"I could say the same to you, Mr. Dixon," says a tall dude, striding into the room and flashing his FBI badge, and he starts quizzing Dixon about his relationship with Sarah. Does this FBI guy just hang out at the West Fork police department? Because the cop didn't exactly put out an APB on a runaway fiancée here. Or had the FBI agent already tracked the Connors to West Fork? And if so, how the hell big do they expect us to think West Fork is that he hasn't located them within West Fork? Oh, hang on -- just going to affix a sticky note to my computer that reads, "IT'S NOT A DOCUMENTARY." That should help.
FBI Guy tells Dixon about Skynet and Miles Dyson -- well, the version in which Sarah Connor escaped from a mental hospital and killed Dyson. Dixon isn't sure what to believe, since FBI Guy has a picture of Sarah in a file and everything! I don't believe my fiancée would do something like that, but then again, you do have a picture of her, and it's in a file folder and everything. "Why would she do that?" he asks. "Well, you know, Mr. Dixon," says FBI Guy (Agent James Ellison), "it's the robots. The ones from the future. The ones Skynet sent to kill her son." The "Luke Skywalker type" leading a "scrappy band of rebels." Dixon angrily says that John is like a son to him. "I came down here for help! You can't really be asking me this!" Ellison dials it down a notch to tell Dixon that he just wants to impress upon him how badly the U.S. government wants to find his fiancée, "because she's a deluded, dangerous Grade-A Whack-A-Mole who killed a man because she believes that in the future he'll invent a computer system that declares war on the world." Dixon stands there, seething. "So let's begin with her name," says FBI Guy, who says he already understands that it's not Connor.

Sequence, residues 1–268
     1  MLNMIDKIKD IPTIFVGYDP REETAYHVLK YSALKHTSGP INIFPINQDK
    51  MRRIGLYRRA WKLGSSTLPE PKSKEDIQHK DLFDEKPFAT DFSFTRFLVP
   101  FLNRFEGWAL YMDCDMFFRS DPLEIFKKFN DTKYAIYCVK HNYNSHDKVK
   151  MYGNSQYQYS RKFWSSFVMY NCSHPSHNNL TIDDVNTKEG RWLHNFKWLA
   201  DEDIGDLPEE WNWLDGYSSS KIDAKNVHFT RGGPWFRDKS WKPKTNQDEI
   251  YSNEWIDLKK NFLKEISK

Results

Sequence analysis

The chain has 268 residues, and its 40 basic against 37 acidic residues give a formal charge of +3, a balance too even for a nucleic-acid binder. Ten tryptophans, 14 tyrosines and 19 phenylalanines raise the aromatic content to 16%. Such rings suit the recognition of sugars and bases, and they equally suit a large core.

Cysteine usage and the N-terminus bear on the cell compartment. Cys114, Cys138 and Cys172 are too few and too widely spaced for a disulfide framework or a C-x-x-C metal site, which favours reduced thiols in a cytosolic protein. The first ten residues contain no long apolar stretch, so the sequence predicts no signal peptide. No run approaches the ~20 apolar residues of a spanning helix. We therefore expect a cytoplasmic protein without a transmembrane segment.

After a brief shot of Sarah gassing up while watching for lethal robots and John sleeping in the car, we see Ellison typing some new information into the Sarah Connor file. Guess she was going by "Sarah Reese." Taking the last name of someone else arrested over the course of your, um, "Whack-A-Mole" adventures ain't exactly a fugitive masterstroke. And on a computer screen in some dingy, warehouse-y setting, a shadowy figure takes notice as the Sarah Connor information is transmitted to his computer screen. Reflected in the monitor, his head snaps to, and a red light blinks on in his eye.
Red Valley, New Mexico, Sept. 6. We're at what appears to be a high school. Why Sarah doesn't just home-school John and be done with it, I have no idea. John's literally keeping his head down in class while the teacher drones on about his rules, like anyone remembers all the minutiae of individual teachers' laws after the first day of school. "What's your name?" asks a brunette behind him, who kind of has an old-school classic beauty about her. Like a less worn-out Rose McGowan, is what I'm saying. "John," says John. "Cameron," she likewises. I can only assume the choice of name for her is a nice tribute to Mike Cameron, who was responsible for functional props during the making of Terminator 2. The two of them earn a light rebuke from the teacher for talking, as well as titters from the rest of the class. So much for not calling attention to yourself.
Outside, Cameron grills John about whether he just moved here ("Sucks for you," she teases) and what his parents do. Her dad sells tractors, his dad sells insurance. Her mom stays at home, his mom...well, he doesn't say. "I really gotta get to the next class, so..." he says. So maybe I'll see you around? she says. And he is more noncommittal than probably any teenage boy Summer Glau has ever spoken to.